The Value of Experience of Fishing
Have you watched the excitement in a child’s eyes when you share the experience of fishing? They are overjoyed with the opportunity to learn how to fish. Of course, fishing does not mean they will catch a fish. Rather, a child’s excitement glows at the opportunity to learn something new.
Fresh air, a new “toy”, something that mom or dad have talked about awaits. Pride and joy abound in the great outdoors. Water has a sense of refreshing and relaxing. And then, that first yank on their rod. The rod bends and it is an event to get hooked. They squeal or cheer at the sight of their first fish and then they want to catch another. They want to cast the line; they want to bait their own hook and it is the beginning of a lifetime of pleasure.
There is nothing like the thrill of catching your first fish. “I caught a fish.” screamed Jimmy as he reeled in a small sunfish with the help of Joe, guide at Bear’s Den Lodge. A child can only catch their first fish once, but this experience can have a lifetime opportunity that will last a lifetime for love of the outdoor sports.
The social activity is an event that parents can do while continuing to help with the mechanism of casting. It’s also an opportunity to learn about fish, conservation, and care of our environment.
For those who want to learn, here is a step by step simple training for the beginning fisherman who has never fished before. Step right up and you will be on your way to Experience Fishing on the French River.
Here are some simple suggestions to make a special experience memorable and keep the children safe and eager to more fishing trips:
- Life Jackets PFD must be properly fitted and worn around water at all times.
- Hats with large brims prevent hooks that may fly plus it will protect your children from direct sunlight.
- Sunglasses for sun glare from reflective surfaces and as a shield for flying objects.
- Appropriate footwear to prevent slips and falls are required.
- Sunscreen and bug spray to protect from sun exposure and insect bites will make for a more pleasurable experience.
- Surface areas with shallow, gradual slopes are much safer and very helpful for children. It will provide wading during slower fishing times and possibility of exploring the ecosystem, or chasing bait fish.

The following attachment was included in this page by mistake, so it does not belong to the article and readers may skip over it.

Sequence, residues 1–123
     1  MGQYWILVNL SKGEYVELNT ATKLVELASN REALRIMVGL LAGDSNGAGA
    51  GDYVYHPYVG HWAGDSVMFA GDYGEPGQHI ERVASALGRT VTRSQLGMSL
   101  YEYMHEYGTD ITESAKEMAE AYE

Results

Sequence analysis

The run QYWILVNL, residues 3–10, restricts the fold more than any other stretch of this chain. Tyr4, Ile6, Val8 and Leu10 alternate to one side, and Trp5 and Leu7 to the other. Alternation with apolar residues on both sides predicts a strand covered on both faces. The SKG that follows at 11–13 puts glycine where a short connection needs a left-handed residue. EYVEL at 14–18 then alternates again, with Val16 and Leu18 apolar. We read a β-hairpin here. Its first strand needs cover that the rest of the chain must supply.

Tips on How to Select the Proper Rod and Equipment
Select a rod that is small or age appropriate in size – children rods or a light 4 ½ – 5-foot rod with a light reel spooled with 6 to 10 lb. monofilament are best for smaller children. Youth may use a light and small adult rod. Avoid purchasing cheap equipment.
Spinning reels are the simplest to use and are mounted on the bottom of the rod. See what hand the child tends to use and have the handle on the opposite side of preference. This will place the rod in the dominate hand which controls the trigger for casting. The cast is controlled by a trigger release or lever to control the cast. Secure a lure without hooks on the line to begin learning to cast more safely.
Teach a Child to Cast
First, practice on land or in an open area where they can focus on the skill of casting. This eliminates concern for trying to catch a fish before they learn casting.
Start off with building accuracy by casting short distances and having large target areas. You can turn this into a game with your child to maintain their enthusiasm as your child becomes better at casting. Remember to reward and praise them as you slowly reduce the target zones as their coordination increases.
Using a plastic or rubber casting plug, that is hookless, will allow for safety while becoming more proficient in controlling their cast.
Next, move to a lure style that you will use for fishing, but without hooks for practice.
Educate your child to always be aware of what is behind, in front and around them prior to each cast. Make sure they look behind them prior to casting.
When comfortable, move to the shallows and allow them to get familiar with their surroundings before adding the hook. They need to be aware of other people on the shore, in the boat or structures that are around them in the new settings.
Along with safety, be sure you know the angling laws of the area, if a license is necessary, they must be obtained to being the angling experience.
Mechanics of the Cast
Hold the rod with hookless lure. Reel the lure up to the rod tip.
Pull the release and let the lure fall to the ground.
Begin to reel the line in and you will hear it click. This engages the tension on the drag to keep the line from spooling out more line.
Reel the lure to within 6 inches of the rod tip to prepare for the actual cast. (Avoid reeling lure into the tip of the rod which may damage the eye of the rod or catch the lure during the cast).
Now, hold the rod in front of you at about 10 or 11 o’clock while keeping the elbow at a 90-degree angle. Place your finger on the release. Look over your shoulder before moving the rod behind your head. The rod tip will move over your shoulder to about 1 or 2 o’clock.
Flip or snap your arm and wrist forward, looking and pointing your rod tip toward the target. Remove your finger from the release at 10 or 11 o’clock. The lure will arc toward the target smoothly.
To correct an overthrow, press down on the spool or release. This will top the arc and make the lure drop to the ground.
Should the lure arc too high and drop short of your planned target, you released too soon.
If it does not arch and drives straight to the ground, you released too late.
Practice your cast until you can proficiently drop the lure into a designated 6-foot target from a variety of distances.
Most of all, have fun and be safe! Get outdoors.
Brenda Barefoot, Tourism Outfitter, Outdoor Consultant and Photographer